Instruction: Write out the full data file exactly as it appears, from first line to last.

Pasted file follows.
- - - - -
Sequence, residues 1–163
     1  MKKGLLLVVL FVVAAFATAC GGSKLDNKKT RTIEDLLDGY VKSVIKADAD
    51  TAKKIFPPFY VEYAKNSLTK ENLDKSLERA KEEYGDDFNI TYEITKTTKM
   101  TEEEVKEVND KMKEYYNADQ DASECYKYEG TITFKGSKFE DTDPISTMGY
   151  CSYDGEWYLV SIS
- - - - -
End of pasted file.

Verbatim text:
Sequence, residues 1–163
     1  MKKGLLLVVL FVVAAFATAC GGSKLDNKKT RTIEDLLDGY VKSVIKADAD
    51  TAKKIFPPFY VEYAKNSLTK ENLDKSLERA KEEYGDDFNI TYEITKTTKM
   101  TEEEVKEVND KMKEYYNADQ DASECYKYEG TITFKGSKFE DTDPISTMGY
   151  CSYDGEWYLV SIS